Monday, January 5, 2015

Amador Serves as a Training Site for Future Doctors - by Dr. Robert Hartmann and Caitlin Harris

As many of you know, Ruth Gottstein writes a column for The Upcountry News. Since her fall back in June of 2014, she has had several key people in county write guest columns for her, and the results have been tremendous. She is indebted to publisher Rick Torgerson, for allowing her to do this.
The January 2015 column is courtesy of our former County Health Officer, Bob Hartmann and a recent rural county intern, Caitlin Harris. This column just appeared in the Volume 14, Number 1 issue of the The Upcountry News. Rick has graciously allowed it to be reissued online. Enjoy! - Loraine Davis
Amador Serves as a Training Site for Future Doctors
By Dr. Robert Hartmann and Caitlin Harris
As many local physicians know all too well, California is facing a statewide shortage of doctors--particularly in rural communities. Six years ago, Sutter Amador Hospital (SAH) was approached to become a medical education training site for the UC Davis Rural PRIME program. SAH CEO Anne Platt and Dr. Bob Hartmann embraced the opportunity to train tomorrow’srural physicians. Platt’s enthusiasm made it possible for UC Davis students and more recently, Touro University students, to spend up to eight weeks or more training in Amador County. SAH sponsors the students during their stay in Jackson, and Dr. Hartmann serves as the medical education director. The patients embrace the students, often taking part in the recruitment process by asking “Are you going to take over when doc retires?” or “This one’s really good--can we keep her?”

Students have participated in community projects ranging from promoting immunization awareness to healthy eating campaigns. The students’ eyes light up with inspiration, as each day brings new wisdom by listening to patients and learning from an attending physician. For the core primary care rotation, students receive clinical education training from Dr. Thomas Bowhay, Dr. Richard Buss and Dr. Hartmann. During their time here, many other local physicians have enthusiastically volunteered to teach students. These include Dr. Lucy Miller and Dr. Philip Granchi of Sutter Diagnostic Imaging, Dr. David Stone of Sutter Amador Pediatrics, Dr. Don Van Fossan with Hospice of Amador and Calaveras County, the Sutter Amador Hospital Emergency physicians, Gregory Wright of Amador Physical Therapy and United Health Care. The local doctors really enjoy the students’ excitement and energy. In the students’ eyes, these physicians are truly living the dream. The students experience firsthand some of the unique challenges of rural health care in a variety of settings.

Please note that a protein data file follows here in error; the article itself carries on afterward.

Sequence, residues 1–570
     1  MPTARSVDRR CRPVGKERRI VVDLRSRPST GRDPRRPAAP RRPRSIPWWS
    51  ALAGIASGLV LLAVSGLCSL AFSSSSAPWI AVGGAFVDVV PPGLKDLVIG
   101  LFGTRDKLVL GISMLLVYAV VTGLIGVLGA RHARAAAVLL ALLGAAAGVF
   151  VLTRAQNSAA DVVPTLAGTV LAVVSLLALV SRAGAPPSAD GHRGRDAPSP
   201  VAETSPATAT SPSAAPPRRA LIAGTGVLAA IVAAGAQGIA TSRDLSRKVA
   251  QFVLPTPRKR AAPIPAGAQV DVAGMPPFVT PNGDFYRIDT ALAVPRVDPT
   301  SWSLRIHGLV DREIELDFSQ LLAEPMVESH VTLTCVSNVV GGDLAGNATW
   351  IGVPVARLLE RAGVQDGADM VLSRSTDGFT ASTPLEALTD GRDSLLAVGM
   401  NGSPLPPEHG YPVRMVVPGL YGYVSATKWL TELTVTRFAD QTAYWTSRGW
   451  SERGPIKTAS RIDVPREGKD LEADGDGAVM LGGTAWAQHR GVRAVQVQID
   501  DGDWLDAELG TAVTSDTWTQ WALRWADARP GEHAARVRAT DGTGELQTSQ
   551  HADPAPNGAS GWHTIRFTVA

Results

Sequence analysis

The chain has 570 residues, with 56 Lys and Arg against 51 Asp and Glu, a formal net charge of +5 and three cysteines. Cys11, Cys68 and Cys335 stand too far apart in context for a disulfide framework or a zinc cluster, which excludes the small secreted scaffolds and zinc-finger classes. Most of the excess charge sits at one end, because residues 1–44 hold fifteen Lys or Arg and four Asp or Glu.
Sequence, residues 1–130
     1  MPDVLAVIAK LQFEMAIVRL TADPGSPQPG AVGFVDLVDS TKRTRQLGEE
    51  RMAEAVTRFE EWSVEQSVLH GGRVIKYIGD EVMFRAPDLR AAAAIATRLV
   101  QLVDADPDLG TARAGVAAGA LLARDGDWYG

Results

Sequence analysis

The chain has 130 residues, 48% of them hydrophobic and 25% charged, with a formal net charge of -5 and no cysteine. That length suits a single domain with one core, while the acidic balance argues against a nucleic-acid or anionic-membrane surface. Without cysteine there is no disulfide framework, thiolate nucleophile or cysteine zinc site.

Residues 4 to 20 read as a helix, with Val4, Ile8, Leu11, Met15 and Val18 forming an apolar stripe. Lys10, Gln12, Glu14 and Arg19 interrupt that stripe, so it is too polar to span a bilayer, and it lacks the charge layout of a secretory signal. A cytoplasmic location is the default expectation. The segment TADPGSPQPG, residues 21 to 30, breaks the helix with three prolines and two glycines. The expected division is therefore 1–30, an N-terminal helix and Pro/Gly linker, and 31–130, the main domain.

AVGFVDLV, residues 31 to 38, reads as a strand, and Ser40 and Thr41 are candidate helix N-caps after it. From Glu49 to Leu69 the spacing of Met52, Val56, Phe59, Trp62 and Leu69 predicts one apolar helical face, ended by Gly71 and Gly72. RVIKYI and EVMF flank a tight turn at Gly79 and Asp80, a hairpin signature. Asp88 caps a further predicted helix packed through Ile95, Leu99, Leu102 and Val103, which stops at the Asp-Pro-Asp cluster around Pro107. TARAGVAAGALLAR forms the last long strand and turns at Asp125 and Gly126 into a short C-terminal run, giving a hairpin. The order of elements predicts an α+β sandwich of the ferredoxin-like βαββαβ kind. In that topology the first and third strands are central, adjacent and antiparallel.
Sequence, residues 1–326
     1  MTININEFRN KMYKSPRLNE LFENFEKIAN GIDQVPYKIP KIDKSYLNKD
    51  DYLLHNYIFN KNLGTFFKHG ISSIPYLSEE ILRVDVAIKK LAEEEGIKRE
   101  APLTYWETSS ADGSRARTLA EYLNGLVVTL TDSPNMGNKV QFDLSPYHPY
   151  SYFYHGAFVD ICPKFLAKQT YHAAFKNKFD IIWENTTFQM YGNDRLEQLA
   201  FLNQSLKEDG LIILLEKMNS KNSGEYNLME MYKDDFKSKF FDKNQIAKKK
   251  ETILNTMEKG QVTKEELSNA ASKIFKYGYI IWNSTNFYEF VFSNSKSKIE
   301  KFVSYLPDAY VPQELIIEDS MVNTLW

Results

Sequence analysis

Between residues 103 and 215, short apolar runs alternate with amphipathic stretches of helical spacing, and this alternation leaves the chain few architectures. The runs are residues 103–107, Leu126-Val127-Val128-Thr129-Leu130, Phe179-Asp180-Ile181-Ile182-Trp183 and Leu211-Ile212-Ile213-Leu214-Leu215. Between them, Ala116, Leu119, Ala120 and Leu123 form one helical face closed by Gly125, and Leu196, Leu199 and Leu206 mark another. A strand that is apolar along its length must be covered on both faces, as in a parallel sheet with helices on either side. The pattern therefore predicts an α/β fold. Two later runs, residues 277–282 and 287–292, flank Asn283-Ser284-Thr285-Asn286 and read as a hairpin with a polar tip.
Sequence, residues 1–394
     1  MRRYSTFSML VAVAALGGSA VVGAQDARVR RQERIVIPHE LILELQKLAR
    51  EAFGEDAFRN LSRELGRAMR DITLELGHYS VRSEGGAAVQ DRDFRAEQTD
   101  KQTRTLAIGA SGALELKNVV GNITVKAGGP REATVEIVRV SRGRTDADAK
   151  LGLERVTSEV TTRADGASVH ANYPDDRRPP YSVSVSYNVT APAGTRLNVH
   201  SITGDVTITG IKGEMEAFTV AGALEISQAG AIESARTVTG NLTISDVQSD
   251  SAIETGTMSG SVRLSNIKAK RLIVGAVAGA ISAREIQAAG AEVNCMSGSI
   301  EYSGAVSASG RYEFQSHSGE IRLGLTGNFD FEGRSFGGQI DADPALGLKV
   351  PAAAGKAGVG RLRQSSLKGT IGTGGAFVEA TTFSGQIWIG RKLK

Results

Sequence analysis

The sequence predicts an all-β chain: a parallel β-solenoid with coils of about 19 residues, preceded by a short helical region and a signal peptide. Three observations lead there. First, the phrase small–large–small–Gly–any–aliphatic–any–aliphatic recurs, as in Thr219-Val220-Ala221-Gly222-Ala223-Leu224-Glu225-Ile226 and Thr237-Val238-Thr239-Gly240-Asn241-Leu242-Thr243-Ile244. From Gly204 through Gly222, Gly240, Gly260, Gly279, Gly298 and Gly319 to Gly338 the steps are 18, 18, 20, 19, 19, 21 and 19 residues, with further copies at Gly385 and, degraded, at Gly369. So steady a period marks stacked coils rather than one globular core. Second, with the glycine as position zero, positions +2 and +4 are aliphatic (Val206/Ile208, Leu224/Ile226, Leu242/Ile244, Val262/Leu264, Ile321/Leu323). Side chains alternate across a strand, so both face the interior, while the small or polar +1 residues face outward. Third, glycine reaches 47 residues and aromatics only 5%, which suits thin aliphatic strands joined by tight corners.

Providing early exposure to remote, less populated settings away from major academic medical centers is a key element to training future leaders in rural health care. With limited access to numerous specialists and the latest technology, the students learn to develop independence in medical decision making. Through firsthand experience, the students learn how to provide good care with limited resources.  Long lasting genuine relationships between patients and physicians are still the standard of care in Amador County. Physicians often oversee the care of four generations in one family.
For the students, the Amador county primary care training is a high-light of their clinical education. Many of these students were raised in rural settings and all of them have decided to dedicate their careers to working in underserved areas. It has been said that medicine is not a career choice--it is a calling. For students who come to train in Amador, that calling has manifested itself as a dream of becoming a country doctor. Since the beauty of small town living has managed to lure generations to the Mother Lode, the local community is hoping to attract some of the students to make Amador their future home.

Dr. Robert Hartmann is the former Amador County Health Officer and currently maintains his general practice in Jackson. Caitlin Harris is a third year medical student from Touro University, College of Osteopathic Medicine in Vallejo, CA.  She just completed a month long primary care rotation in Amador County.

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